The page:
Juanita Sunday, Special Correspondent
Bretaan posited in a 2006 issue of Gottesdienst: A Journal of Lutheran Liturgy that characters and concepts from the Potter series corresponded too closely to the contemporaneous ecclesio-political scene of the LCMS to be a coincidence: "In Potter, the themes of power at all costs; journalistic disintegrity; and institutional incompetence, self-preservation, and denial of culpability cannot but call to mind Our Beloved Synod. We know what it is like to keep our heads down in fear of catching the attention of You Know Who and paying the ultimate price. The Reporter is our Daily Prophet, obscuring the realities we all fear and leaving us to a world of rumor. And who failed to see through the recent installation of all those fireplaces at the Purple Palace? It doesn't take a degree from the seminary OR Hogwarts to see that you can't spell Ministry of MagIC without IC. All the LCMS lacks, is, unfortunately, a Harry Potter. Instead we got a surplus of Xenophilius Lovegoods."
Bretaan's words were more than bold: Rowling herself has vouched for their accuracy. "The LCMS was always in my mind as I plotted the Potter series," she said. "The truth is stranger than fiction, even when fiction has people puking giant slugs out of their mouths for an hour. I got that idea while I read the minutes of a 1997 CTCR meeting."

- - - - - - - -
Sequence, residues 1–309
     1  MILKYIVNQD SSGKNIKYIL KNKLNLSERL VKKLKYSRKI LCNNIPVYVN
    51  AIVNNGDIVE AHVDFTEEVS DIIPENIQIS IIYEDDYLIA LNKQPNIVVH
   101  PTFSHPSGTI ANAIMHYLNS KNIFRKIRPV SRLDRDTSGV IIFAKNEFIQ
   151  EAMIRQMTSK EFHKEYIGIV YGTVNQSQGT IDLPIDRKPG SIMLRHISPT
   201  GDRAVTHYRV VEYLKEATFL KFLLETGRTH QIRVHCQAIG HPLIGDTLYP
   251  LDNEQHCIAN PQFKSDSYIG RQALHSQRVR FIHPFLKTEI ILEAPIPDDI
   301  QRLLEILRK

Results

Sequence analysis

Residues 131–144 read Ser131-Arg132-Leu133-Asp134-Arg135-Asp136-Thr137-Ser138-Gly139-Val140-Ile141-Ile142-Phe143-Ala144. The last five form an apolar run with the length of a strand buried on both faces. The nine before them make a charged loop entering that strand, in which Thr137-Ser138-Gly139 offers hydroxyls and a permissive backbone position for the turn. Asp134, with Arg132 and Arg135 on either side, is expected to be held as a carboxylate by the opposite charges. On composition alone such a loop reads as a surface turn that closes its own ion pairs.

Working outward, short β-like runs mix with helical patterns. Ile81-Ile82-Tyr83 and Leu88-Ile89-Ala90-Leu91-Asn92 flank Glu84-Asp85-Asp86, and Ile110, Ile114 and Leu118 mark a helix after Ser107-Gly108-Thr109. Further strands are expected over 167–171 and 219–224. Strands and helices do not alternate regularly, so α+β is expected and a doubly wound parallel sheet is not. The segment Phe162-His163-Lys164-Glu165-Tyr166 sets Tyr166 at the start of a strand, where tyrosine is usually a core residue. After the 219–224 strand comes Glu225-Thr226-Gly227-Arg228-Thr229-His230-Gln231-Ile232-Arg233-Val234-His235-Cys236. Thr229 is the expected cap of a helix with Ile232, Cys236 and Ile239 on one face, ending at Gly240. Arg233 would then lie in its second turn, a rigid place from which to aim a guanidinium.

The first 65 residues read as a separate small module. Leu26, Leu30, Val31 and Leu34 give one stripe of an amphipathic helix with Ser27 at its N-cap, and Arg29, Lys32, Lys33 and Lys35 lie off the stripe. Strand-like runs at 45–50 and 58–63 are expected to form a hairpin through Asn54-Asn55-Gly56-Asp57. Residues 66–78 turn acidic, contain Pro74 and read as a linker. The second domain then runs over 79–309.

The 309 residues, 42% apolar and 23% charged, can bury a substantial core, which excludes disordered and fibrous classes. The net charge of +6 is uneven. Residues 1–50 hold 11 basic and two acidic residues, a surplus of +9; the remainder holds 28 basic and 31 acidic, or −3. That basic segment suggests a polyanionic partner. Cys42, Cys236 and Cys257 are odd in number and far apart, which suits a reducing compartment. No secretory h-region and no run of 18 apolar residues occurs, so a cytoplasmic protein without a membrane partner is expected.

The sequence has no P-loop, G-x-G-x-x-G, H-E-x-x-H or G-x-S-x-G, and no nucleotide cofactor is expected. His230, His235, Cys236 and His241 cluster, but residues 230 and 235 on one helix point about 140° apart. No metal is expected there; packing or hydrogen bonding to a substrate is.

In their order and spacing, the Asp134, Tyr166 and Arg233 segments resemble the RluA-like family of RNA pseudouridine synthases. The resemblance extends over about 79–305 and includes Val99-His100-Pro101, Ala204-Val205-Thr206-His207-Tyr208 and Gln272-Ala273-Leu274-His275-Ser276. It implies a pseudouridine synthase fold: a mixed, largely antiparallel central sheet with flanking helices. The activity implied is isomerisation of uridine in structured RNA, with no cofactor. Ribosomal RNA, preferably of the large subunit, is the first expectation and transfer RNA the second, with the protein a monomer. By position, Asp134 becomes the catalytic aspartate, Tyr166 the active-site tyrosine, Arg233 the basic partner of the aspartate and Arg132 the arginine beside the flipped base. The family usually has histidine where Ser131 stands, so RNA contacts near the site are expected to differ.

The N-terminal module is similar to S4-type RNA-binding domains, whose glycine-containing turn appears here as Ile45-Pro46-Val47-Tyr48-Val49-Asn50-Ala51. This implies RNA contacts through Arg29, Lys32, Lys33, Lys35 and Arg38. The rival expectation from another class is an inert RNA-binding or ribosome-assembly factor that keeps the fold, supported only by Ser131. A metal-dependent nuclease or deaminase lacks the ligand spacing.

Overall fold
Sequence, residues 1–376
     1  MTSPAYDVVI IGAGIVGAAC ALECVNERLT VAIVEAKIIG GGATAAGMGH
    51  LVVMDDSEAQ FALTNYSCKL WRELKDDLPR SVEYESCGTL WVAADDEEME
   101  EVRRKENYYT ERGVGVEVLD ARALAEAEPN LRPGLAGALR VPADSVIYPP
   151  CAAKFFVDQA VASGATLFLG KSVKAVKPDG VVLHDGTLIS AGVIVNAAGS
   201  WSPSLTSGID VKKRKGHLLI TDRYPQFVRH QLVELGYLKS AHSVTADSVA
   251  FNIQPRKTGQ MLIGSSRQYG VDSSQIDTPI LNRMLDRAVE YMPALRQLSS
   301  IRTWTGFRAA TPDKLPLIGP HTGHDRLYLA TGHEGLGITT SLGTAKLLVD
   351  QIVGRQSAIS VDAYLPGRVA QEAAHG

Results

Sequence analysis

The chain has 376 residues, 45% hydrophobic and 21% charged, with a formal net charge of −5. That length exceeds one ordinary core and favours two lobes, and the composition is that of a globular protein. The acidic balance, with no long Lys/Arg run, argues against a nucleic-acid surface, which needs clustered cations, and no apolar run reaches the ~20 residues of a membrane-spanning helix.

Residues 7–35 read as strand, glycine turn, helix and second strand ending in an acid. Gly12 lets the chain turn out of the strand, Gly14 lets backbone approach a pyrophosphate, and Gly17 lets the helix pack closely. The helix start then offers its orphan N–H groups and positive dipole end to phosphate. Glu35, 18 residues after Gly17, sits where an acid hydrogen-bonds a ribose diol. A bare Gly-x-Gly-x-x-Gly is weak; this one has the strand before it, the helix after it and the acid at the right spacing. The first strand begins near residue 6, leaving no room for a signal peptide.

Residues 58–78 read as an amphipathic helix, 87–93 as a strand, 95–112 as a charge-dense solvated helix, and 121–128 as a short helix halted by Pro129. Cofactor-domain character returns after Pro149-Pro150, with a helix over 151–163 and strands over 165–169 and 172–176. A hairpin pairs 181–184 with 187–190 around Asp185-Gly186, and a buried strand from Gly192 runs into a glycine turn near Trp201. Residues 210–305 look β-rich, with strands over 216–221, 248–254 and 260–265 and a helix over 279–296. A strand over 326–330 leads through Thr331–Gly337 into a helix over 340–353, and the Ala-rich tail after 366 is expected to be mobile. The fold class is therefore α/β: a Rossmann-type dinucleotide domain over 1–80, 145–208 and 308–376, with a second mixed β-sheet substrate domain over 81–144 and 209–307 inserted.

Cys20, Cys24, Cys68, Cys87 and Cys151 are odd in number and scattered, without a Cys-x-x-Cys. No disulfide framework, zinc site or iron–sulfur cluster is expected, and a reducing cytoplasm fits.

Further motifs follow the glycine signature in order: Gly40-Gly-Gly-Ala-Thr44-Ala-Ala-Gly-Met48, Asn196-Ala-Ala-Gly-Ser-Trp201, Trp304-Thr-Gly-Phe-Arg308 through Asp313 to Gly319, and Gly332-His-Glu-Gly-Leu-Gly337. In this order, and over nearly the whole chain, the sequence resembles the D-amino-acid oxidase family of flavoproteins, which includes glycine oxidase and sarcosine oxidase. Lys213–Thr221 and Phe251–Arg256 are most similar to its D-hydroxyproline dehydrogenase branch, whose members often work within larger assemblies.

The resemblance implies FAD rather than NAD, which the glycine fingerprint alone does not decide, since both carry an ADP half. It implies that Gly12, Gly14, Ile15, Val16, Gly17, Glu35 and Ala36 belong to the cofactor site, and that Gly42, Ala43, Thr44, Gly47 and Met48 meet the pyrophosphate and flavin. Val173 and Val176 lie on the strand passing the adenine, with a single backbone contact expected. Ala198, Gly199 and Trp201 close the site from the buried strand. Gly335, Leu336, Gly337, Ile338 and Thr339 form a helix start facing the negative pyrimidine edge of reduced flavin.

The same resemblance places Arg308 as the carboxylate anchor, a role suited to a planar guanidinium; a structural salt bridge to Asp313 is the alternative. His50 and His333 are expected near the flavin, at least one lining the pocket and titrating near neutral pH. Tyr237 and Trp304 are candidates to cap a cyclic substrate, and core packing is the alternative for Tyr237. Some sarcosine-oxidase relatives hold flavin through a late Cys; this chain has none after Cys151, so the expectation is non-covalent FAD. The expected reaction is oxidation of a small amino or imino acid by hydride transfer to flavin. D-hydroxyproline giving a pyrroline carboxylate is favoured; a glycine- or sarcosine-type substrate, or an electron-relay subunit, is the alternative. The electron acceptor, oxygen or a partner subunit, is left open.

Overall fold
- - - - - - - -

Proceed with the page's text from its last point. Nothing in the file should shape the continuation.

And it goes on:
Rowling's acknowledgement of indebtedness to the LCMS historical narrative has been a bonanza for armchair literary analysts. "Slughorn is one sherry party away from the first house on Seminary Terrace, and I can't remember now which Preus it was whose first call was to St. Catchpole LC in Ottery MN," posted Anthea Firth at the American Lutheran Publicity Bureau Forum online. Debate rages over whether evidence from the Potter corpus supports the identification of a curiously unGermanically-surnamed LCMS insider with the Half-Blood Prince. Early drafts of The Prisoner of Azkaban are rumored to have had Remus Lupin's first name as Karl. And radio producer Geoff Schwartz frankly admits, "I got goosebumps when I was reading Deathly Hallows to my kids and we got to Lee Jordan and Potterwatch. I did, I got goosebumps."
While the LCMS is THRILLED, THRILLED, THRILLED for the media attention Rowling's announcement has meant for the North American church body since there's no such thing as bad publicity and publicity=evangelism=more people in heaven, dissenters have made their voices heard from predictable quarters. Gottesdienst itself published a statement from editor Barry Leane, who argued, "The Harry Potter series glorifies the occult and takes a disappointingly weak position on house elf liberation. Seriously, you people think this is OK?" Bretaan rejoined, "Yeah, but Leane hates everything."
In a strange twist, recent events again have the clock hands of LCMS clergy and parishioners twitching toward "mortal peril." Controversies in the last few months have people wondering if You Know Who could return to power. Was Rowling an historian, or a prophetess? If the latter, she may still get her chance.